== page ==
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Haley Tju Discusses Her Role on Netflix’s New Comedy Sketch Series ‘The Who Was? Show’ (Exclusive Q&A)

At only 17 years old, actress Haley Tju has quite a number of gigs under her belt. Having started in the entertainment industry at four years old, Tju followed in the footsteps of her older sister, Brianne Tju, who is also an actress. Her first big break was starring as Pepper on Nickelodeon’s Bella and the Bulldogs several years ago. Since then, she’s been in the Nickelodeon series, Monsters vs. Aliens, and Disney’s K.C. Undercover. She will also be contributing her voice to the upcoming Disney XD animated show, Big Hero 6: The Series. 

Her Campus chatted with Tju about her very versatile role in Netflix’s The Who Was? Show, her admiration for her sister and where she hopes to attend college in the future.

Her Campus: You’re a part of the cast for Netflix’s upcoming series, The Who Was? Show, which is set for release this month. Can you tell us more about this show and your role in it?

Haley Tju: The Who Was? Show is a new comedy sketch series on Netflix based on the Who Was? Penguin book series. It basically takes you on a journey of historical characters but in a comedic, fun way. Each episode features two historical characters, and they kind of compare and contrast them in how different they are but yet how similar their work was done at that time I guess. I play myself, as well as various other characters. It’s a lot fun!

HC: In addition to on screen acting, you’ve had the opportunity to do voice acting as well. How do those experiences compare? Do you prefer one over the other?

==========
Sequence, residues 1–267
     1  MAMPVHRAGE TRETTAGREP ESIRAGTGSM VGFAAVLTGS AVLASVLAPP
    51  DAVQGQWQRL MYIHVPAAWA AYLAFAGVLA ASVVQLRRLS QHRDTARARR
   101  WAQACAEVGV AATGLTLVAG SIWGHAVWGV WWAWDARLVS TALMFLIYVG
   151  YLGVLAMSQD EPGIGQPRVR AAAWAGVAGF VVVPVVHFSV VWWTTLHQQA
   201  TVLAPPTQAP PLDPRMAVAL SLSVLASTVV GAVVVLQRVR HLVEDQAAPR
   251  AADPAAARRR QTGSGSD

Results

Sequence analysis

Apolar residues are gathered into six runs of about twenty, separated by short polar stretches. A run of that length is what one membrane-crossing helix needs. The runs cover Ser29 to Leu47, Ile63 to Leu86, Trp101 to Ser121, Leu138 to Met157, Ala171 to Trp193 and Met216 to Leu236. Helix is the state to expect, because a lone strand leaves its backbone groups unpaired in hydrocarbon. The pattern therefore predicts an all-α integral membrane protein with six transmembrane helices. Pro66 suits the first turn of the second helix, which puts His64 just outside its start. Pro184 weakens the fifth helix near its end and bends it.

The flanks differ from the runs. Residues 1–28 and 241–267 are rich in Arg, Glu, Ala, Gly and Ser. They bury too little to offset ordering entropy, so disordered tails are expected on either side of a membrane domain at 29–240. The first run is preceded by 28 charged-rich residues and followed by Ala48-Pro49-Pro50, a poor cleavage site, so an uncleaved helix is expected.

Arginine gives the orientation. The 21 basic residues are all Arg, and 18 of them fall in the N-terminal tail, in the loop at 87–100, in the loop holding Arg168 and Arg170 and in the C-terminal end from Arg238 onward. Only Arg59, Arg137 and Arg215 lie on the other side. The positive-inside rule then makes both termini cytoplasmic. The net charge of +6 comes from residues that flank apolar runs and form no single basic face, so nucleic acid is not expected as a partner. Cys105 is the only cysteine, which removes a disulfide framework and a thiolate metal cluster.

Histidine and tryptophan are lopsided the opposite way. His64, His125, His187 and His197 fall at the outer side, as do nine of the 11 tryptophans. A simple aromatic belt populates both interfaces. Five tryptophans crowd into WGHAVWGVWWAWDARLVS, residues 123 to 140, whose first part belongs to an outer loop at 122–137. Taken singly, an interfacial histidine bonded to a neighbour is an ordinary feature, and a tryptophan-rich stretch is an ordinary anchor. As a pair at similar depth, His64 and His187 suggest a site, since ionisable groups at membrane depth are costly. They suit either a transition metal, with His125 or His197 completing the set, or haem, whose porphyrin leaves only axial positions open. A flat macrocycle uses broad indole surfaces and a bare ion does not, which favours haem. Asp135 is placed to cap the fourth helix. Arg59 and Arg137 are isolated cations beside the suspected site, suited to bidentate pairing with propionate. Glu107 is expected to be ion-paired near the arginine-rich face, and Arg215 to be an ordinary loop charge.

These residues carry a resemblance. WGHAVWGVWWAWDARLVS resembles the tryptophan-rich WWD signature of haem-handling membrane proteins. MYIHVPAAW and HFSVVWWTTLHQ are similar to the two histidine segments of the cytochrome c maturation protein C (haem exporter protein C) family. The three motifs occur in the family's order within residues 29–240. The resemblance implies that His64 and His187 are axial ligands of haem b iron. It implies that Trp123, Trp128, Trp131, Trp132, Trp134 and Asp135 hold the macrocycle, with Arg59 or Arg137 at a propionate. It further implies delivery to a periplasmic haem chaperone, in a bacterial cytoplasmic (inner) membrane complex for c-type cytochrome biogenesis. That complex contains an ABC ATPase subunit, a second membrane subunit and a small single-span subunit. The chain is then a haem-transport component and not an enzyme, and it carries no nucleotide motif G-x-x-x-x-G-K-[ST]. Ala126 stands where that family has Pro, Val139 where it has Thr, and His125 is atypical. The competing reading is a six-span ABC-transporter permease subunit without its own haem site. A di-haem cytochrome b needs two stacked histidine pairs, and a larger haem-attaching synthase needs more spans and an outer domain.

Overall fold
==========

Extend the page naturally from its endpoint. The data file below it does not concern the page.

HT: Voice acting I would say is a completely different art. A lot of people love it; a lot of people hate it. I personally love it, but I don’t think I’d personally choose it over on-camera acting because I love them both equally. They’re so different even though they’re in the same industry. But being in a booth you don’t have to dress up for voice-overs, which is pretty awesome.

 

One more from @theartofhairstyling

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HC: What’s your favorite role that you’ve had so far? Is there a particular role that you want to play in the future?

HT:  I’ve been pretty lucky with playing really fun, intricate, complex roles lately, which in my eyes are the most fun to play because they’re just like real people. Recently, I did a pilot called Tremors for Syfy, and I have to say, I played a fun, cool character that I never got the chance to play but I’ve always wanted to play. I played Pepper on Bella and the Bulldogs and that was fun as well. I would love to play a really complex girl who is not lovable at first or even isn’t a likable girl, but she has positive and negative sides to her. I feel like I haven’t really gotten to play that kind of character, so that would be a really nice change and something the audience will enjoy.

HC: Who in the entertainment industry do you look up to the most? Why?